(4/121) Aetiological study of the presumed ocular histoplasmosis syndrome in the Netherlands.

AIM: To investigate whether presumed ocular histoplasmosis syndrome in the Netherlands is caused by Histoplasma capsulatum and whether other risk factors might play a role in the pathogenesis of this syndrome. METHODS: 23 patients were clinically diagnosed as having presumed ocular histoplasmosis syndrome based on the following criteria: peripapillary atrophy, punched out lesions, a macular disciform lesion or scar in one eye without vitritis. As controls, 66 sex and age matched healthy volunteers were used. Serum samples from both patients and controls were tested for the presence of antibodies against H capsulatum, Toxoplasma gondii, Toxocara canis et cati, Ascaris sp, and for the presence of antigens of Cryptococcus neoformans. Serum samples were also tested for the presence of autoantibodies against retinal or choroidal proteins. To investigate other risk factors, patients and controls were asked to fill in a health and travel related questionnaire. Ten patients with ocular toxoplasmosis were used as a disease control group. RESULTS: None of the patients with presumed ocular histoplasmosis syndrome or controls had circulating antibodies directed against H capsulatum. No risk factors could be identified and no indications for autoimmunity and no evidence for the role of the other infectious agents could be demonstrated. CONCLUSIONS: In a Dutch group of patients fulfilling the criteria of a disease currently named presumed ocular histoplasmosis syndrome, no risk factors or relation with the fungus H capsulatum could be detected.  (+info)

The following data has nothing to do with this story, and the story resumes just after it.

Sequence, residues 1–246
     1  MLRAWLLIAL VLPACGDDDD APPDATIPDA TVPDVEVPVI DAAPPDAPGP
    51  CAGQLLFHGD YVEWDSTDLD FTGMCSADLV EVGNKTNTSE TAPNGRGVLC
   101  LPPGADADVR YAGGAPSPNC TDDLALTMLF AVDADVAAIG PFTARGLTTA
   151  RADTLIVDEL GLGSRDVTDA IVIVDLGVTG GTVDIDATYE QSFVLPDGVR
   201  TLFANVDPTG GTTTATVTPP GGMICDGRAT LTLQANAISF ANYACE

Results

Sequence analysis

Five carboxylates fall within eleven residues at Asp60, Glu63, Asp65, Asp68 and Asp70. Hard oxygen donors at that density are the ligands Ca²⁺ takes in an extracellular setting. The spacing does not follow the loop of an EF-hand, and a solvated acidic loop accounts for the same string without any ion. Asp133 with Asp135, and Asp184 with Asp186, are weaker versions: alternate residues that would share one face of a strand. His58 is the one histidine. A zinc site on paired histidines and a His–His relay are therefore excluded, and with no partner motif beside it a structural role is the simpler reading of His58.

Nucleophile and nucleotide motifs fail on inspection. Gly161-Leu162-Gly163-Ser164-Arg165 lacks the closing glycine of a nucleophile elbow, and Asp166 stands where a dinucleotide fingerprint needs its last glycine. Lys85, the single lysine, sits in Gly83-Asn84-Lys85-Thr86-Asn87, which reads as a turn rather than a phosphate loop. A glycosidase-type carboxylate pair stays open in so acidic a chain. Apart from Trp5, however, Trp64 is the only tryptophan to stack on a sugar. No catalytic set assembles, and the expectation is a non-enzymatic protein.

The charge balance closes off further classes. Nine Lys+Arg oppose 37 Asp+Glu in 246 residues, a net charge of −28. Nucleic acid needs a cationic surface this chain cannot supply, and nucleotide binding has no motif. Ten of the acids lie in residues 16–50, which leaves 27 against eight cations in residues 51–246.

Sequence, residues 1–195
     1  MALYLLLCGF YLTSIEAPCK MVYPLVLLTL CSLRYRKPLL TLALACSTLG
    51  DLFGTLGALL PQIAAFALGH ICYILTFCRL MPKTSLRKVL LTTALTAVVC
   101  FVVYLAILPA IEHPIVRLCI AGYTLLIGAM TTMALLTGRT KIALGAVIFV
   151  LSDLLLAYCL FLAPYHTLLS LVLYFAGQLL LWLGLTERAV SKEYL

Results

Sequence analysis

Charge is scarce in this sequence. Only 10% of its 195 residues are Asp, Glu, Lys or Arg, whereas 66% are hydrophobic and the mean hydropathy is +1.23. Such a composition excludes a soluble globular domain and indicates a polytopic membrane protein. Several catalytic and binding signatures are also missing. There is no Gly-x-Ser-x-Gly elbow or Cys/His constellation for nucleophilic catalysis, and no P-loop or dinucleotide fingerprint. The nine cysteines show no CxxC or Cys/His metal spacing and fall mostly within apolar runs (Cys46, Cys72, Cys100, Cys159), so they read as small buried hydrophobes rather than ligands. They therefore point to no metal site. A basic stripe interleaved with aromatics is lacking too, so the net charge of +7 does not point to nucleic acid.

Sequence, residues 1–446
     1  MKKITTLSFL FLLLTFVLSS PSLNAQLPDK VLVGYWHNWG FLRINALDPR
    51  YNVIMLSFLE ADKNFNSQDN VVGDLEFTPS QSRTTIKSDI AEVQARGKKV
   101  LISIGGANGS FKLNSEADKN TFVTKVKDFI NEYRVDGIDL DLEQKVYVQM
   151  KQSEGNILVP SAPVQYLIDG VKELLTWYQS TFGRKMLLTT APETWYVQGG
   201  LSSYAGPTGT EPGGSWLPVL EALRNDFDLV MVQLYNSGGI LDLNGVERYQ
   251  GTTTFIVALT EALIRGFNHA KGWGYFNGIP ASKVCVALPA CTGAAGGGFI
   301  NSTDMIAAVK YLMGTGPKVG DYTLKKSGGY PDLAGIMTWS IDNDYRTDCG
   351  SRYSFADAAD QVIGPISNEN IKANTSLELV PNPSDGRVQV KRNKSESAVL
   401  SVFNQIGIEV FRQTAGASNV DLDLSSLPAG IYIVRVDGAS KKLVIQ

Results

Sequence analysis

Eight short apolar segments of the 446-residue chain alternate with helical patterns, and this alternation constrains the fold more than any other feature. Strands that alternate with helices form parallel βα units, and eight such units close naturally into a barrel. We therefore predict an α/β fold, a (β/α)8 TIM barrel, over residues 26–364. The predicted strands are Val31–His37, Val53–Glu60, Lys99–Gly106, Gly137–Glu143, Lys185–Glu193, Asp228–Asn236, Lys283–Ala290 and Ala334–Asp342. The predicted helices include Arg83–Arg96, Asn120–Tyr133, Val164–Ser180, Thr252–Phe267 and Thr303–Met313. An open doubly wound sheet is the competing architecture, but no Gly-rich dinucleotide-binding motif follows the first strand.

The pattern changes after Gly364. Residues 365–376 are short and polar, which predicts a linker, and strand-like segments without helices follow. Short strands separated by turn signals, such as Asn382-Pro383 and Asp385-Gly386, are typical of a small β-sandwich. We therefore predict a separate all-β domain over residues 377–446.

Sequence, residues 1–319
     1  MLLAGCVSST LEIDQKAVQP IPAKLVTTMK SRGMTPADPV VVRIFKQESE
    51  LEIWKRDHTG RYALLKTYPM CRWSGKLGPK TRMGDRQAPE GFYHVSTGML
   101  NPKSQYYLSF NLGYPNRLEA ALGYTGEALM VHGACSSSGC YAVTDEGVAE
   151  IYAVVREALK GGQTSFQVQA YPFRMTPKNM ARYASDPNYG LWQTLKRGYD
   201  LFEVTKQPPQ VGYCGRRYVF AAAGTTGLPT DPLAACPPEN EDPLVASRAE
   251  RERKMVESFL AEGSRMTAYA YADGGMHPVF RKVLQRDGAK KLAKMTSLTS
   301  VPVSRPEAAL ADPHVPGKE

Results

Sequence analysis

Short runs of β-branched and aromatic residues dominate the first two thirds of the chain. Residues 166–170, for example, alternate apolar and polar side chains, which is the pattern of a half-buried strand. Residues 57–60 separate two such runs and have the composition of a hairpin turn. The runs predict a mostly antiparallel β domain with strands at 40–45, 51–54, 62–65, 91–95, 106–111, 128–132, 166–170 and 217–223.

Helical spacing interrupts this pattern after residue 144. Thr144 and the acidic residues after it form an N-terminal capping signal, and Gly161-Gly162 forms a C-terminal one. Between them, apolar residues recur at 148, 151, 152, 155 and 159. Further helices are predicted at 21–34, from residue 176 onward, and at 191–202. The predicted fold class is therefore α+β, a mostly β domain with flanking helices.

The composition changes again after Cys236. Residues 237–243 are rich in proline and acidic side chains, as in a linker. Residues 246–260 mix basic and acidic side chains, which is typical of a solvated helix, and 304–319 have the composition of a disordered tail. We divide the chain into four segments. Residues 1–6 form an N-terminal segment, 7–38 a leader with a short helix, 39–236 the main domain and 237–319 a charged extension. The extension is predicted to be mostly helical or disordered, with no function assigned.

(5/121) New animal model for human ocular toxocariasis: ophthalmoscopic observation.

BACKGROUND/AIMS: Although human ocular toxocariasis causes severe vision defect, little is known about its aetiology, diagnosis, and treatment. To develop a new animal model for human ocular toxocariasis, ophthalmological findings of fundi in Mongolian gerbils, Meriones unguiculatus, and BALB/c mice were investigated following infection with Toxocara canis. METHODS: Using an ophthalmoscope, which was specifically developed to observe the fundi of small animals, ocular changes of fundi of 20 gerbils and 11 mice were monitored after oral infection with embryonated eggs of T canis. RESULTS: Vitreous, choroidal, and retinal haemorrhages were consistently observed in Mongolian gerbils, but rarely in mice. Severe exudative lesions and vasculitis were often present in gerbils but not in mice. Migrating larvae were also frequently observed in gerbils. CONCLUSION: Mongolian gerbils are more appropriate animal model for human ocular toxocariasis than previously used experimental animal such as mice, guinea pigs, rabbits, and monkeys because of its high susceptibility of ocular infection.  (+info)

(6/121) Ocular linguatuliasis in Ecuador: case report and morphometric study of the larva of Linguatula serrata.